### Why must the first player choose ε first?

-Because the second player must choose δ based on the ε chosen by the first player in order to properly relate the x-axis interval to the y-axis interval.

### Outlines

### 😊 Defining limits through an interactive game

This paragraph explains the concept of limits by framing it as a game between two players. Player 1 chooses an interval around the y-value that the function is approaching. Player 2 then chooses a corresponding interval around the x-value that makes the function approach that y-value. By iterating this process and narrowing the intervals, it is shown mathematically how the function can get arbitrarily close to a certain y-value as x approaches a certain point, thus defining the limit.

### 📝 Formalizing the limit definition mathematically

This paragraph formalizes the interactive game into mathematical notation for the formal definition of a limit. It introduces the epsilon-delta definition, with epsilon representing the y-axis interval chosen by player 1, and delta representing the x-axis interval chosen by player 2. It shows how, for any epsilon, player 2 can choose a delta to make the function stay within an epsilon distance of the limit.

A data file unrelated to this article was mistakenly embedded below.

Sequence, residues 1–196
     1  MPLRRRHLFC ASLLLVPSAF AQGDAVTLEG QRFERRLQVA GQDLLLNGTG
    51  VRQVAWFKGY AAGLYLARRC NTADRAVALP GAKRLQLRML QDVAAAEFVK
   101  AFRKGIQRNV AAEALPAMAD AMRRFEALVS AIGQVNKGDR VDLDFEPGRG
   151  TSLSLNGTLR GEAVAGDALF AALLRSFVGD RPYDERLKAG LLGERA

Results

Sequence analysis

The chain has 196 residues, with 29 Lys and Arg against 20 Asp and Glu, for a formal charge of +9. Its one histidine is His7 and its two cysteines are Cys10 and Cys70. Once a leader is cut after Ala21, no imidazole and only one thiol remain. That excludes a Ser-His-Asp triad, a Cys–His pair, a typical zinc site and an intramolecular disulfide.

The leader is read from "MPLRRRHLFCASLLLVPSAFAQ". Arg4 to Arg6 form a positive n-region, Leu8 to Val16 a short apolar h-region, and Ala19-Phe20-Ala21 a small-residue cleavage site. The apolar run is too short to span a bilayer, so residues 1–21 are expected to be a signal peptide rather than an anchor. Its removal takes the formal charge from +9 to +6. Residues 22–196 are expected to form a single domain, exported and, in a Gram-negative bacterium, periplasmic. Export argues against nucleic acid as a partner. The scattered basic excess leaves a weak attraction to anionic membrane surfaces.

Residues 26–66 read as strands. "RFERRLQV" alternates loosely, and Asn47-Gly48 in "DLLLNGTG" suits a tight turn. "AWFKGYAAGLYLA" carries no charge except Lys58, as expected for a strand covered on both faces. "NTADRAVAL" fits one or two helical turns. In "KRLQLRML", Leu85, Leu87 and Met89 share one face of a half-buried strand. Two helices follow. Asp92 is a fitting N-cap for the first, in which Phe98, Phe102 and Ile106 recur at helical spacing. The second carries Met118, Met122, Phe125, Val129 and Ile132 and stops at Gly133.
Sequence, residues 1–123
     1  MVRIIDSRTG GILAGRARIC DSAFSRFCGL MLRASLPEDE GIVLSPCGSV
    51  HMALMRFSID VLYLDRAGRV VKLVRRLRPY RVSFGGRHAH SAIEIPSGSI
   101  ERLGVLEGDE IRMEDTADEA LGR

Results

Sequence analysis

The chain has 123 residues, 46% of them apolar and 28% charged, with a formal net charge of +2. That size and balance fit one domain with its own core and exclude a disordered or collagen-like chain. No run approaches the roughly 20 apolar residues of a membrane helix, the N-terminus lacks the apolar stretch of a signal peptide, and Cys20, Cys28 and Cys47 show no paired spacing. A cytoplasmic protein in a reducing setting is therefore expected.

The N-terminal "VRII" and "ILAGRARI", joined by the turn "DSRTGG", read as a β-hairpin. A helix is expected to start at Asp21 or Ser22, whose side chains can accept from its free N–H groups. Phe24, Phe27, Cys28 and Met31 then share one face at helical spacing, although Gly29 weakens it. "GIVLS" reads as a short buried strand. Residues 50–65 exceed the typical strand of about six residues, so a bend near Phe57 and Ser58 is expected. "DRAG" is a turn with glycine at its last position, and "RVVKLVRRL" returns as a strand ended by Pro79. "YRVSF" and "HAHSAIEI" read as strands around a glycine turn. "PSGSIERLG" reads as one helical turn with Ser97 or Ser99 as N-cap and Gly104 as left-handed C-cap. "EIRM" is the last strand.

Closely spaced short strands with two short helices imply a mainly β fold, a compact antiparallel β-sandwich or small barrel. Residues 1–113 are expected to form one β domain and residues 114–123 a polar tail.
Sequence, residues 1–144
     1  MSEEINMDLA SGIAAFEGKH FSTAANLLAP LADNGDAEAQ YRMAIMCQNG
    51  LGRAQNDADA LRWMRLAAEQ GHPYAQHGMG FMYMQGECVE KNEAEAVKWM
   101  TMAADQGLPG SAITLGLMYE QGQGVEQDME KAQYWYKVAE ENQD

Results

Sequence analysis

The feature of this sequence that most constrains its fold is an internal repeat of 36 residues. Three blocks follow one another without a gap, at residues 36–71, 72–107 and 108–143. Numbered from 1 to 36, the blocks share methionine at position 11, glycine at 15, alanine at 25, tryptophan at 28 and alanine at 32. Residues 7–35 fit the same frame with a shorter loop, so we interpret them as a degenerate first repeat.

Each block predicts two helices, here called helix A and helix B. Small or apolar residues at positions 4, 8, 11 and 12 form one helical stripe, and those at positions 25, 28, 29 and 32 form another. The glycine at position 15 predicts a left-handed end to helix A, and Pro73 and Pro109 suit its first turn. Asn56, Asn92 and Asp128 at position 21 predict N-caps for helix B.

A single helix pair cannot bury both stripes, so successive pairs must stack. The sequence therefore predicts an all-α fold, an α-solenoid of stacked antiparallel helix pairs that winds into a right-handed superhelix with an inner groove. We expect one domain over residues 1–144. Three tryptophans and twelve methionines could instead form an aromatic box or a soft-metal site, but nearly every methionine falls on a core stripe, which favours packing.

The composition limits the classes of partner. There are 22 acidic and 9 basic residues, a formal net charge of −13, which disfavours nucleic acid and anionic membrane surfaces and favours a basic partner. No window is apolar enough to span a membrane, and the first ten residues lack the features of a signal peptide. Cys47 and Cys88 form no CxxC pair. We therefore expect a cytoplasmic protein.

### Mindmap

### Keywords

### 💡limit

### 💡epsilon

### 💡delta

### 💡absolute value

### 💡domain

### 💡interval

### 💡approaches

### 💡arbitrarily small

### 💡formal definition

### 💡confine

### Highlights

To answer the question, I must give x values close to 2 and see what happens.

In this game, you will be player 1, who plays first. You must choose an interval on the y-axis with the number 1 in its center.

The goal of this game is to make the function never exit the horizontal lines, i.e., never exit your interval, not even a little.

As long as I can move, no matter how small you make your interval and push the function out of the horizontal lines, I can choose a smaller interval and confine the function within your lines again.